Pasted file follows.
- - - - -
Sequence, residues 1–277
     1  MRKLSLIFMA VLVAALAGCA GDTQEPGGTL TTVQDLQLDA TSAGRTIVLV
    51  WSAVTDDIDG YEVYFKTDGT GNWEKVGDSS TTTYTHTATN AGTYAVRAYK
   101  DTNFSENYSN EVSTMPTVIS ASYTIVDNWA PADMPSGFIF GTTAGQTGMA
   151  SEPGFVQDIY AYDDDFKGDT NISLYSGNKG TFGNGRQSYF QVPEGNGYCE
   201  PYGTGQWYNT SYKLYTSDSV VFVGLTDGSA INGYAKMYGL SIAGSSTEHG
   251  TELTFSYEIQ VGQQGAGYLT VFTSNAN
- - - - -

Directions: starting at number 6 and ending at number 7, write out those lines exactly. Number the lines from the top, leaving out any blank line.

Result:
   201  PYGTGQWYNT SYKLYTSDSV VFVGLTDGSA INGYAKMYGL SIAGSSTEHG
   251  TELTFSYEIQ VGQQGAGYLT VFTSNAN